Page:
Third, the SCO Trustee suggests that lifting the stay would serve no point because "even if the stay is lifted, it is more than likely the Utah Litigation will be completed well before the Swiss Tribunal would even begin its proceedings." (Objection 17.) At the same time, the SCO Trustee makes the contradictory argument that lifting the stay would be "prejudicial" because the SCO Trustee would be "distracted" from the Utah trial, and the estate would need to "devote critical and limited resources to the Arbitration." (Id. 22-23.) This makes no sense. If no proceedings take place in the Arbitration until after the March trial in Utah, the Arbitration will not "distract" the SCO Trustee from the trial or require major resources.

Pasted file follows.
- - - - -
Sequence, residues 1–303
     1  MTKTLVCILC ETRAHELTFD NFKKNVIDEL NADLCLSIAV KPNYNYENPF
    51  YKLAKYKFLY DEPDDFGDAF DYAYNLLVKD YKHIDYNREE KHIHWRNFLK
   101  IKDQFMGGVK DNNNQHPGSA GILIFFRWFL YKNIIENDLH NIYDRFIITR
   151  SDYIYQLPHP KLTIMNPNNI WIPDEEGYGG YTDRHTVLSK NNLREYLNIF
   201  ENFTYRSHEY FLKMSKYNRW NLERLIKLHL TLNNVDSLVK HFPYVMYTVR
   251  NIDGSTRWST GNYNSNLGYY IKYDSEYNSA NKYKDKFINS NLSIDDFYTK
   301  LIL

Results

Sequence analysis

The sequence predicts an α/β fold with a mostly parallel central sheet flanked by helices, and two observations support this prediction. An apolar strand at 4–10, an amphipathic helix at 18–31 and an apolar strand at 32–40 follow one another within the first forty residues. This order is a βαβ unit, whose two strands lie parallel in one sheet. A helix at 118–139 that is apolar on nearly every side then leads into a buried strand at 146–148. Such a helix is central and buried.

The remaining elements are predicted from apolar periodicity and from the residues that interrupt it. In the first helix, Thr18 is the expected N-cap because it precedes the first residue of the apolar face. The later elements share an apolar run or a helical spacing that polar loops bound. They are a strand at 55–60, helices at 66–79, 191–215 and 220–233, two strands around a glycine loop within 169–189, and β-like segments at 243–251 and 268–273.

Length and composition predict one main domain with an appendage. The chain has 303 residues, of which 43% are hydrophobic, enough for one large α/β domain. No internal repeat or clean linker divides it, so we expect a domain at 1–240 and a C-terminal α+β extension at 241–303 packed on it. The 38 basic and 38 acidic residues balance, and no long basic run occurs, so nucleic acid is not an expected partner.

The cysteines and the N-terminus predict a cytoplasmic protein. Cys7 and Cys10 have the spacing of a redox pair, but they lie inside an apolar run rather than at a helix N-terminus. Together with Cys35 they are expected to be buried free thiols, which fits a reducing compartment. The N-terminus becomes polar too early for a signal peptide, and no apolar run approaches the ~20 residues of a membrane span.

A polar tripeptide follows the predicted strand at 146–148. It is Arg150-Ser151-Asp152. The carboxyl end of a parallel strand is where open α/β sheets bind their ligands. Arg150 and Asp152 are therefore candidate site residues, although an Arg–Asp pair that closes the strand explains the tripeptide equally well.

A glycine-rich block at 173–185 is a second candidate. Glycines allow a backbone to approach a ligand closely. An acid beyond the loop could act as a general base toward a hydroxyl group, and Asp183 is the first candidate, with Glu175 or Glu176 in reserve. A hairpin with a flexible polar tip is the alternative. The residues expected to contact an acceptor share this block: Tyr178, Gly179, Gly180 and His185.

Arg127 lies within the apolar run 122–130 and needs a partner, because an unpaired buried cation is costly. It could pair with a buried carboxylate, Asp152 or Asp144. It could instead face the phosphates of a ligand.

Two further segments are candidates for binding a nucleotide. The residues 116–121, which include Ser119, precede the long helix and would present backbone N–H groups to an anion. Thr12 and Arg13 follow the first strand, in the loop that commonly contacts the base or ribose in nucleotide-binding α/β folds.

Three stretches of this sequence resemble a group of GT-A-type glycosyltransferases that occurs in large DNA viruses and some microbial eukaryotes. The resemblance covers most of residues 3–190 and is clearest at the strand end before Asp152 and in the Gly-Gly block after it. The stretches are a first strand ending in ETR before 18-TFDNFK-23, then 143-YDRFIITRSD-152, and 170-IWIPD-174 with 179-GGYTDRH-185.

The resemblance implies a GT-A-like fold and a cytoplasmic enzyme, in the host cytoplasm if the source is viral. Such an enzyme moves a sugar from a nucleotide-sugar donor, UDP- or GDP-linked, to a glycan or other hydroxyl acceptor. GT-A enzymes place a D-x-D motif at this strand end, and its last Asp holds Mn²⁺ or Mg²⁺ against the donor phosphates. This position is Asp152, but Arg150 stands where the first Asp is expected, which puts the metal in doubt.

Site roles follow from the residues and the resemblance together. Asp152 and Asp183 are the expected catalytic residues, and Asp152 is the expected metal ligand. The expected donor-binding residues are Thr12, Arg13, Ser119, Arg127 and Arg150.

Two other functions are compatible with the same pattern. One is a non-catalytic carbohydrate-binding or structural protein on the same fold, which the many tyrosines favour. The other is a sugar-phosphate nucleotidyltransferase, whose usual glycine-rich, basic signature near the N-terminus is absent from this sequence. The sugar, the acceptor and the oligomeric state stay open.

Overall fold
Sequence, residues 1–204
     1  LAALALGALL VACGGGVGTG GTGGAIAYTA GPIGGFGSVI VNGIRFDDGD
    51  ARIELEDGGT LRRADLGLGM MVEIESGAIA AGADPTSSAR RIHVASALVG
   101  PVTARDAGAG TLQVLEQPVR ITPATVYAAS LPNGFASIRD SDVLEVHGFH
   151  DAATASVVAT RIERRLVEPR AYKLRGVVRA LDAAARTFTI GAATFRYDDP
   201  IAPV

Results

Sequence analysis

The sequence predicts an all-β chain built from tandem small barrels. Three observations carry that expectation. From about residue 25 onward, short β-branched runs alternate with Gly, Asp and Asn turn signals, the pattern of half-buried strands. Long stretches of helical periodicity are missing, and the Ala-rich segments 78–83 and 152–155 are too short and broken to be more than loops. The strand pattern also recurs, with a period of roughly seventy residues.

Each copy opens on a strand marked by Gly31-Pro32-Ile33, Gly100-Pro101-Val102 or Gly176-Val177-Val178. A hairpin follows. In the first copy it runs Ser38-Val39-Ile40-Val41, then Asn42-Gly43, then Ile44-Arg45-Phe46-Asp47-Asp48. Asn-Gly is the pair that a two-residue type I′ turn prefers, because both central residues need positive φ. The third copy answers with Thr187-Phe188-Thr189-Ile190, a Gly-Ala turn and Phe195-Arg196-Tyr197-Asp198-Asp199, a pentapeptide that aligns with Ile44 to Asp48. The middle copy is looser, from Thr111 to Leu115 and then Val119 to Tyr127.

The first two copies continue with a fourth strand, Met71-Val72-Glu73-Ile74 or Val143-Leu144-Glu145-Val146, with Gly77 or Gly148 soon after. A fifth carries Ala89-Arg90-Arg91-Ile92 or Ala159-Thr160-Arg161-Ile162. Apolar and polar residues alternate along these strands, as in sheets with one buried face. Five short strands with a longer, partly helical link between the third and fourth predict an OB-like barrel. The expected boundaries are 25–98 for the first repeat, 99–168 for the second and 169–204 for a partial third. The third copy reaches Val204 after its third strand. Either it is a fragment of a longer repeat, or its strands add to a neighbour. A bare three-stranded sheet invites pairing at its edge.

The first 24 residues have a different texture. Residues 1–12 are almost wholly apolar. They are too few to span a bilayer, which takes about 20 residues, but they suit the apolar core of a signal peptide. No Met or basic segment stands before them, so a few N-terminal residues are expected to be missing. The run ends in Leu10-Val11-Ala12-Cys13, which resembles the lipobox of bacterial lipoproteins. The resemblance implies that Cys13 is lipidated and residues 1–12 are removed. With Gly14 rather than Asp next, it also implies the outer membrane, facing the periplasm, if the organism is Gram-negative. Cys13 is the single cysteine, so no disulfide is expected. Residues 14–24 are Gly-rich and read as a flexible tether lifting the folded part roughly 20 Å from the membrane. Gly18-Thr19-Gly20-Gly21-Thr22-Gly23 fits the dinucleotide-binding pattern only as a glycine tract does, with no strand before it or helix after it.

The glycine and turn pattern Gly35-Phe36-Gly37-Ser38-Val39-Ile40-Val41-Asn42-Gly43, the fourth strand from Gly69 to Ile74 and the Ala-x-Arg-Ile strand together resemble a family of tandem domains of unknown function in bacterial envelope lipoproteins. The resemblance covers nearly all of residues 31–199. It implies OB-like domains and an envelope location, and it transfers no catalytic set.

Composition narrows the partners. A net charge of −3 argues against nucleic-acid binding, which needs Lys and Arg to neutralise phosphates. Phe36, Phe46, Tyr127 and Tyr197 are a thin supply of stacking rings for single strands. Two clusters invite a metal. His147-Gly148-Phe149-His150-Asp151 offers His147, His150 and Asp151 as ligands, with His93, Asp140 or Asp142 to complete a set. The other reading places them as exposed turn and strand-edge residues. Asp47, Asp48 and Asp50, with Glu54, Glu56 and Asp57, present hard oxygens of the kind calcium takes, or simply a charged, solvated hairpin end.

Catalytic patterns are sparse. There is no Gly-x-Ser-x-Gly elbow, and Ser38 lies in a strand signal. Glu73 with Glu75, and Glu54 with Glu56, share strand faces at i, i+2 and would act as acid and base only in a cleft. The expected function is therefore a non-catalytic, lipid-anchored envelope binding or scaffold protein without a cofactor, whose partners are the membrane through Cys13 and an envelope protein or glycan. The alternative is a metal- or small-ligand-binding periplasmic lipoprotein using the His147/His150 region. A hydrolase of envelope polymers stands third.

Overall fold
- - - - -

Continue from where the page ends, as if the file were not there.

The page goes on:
SUSE agrees that once the stay is lifted, at least several months of "start-up" time will be required, meaning that the Arbitral Tribunal could not hold a hearing on liability until after the Utah trial in March. Thus, allowing the Arbitration to resume will not "distract" the SCO Trustee or require large expenditures during the next few months. But this is precisely why the stay should be lifted now: to put the Arbitration back on calendar and to avoid still further delay.

7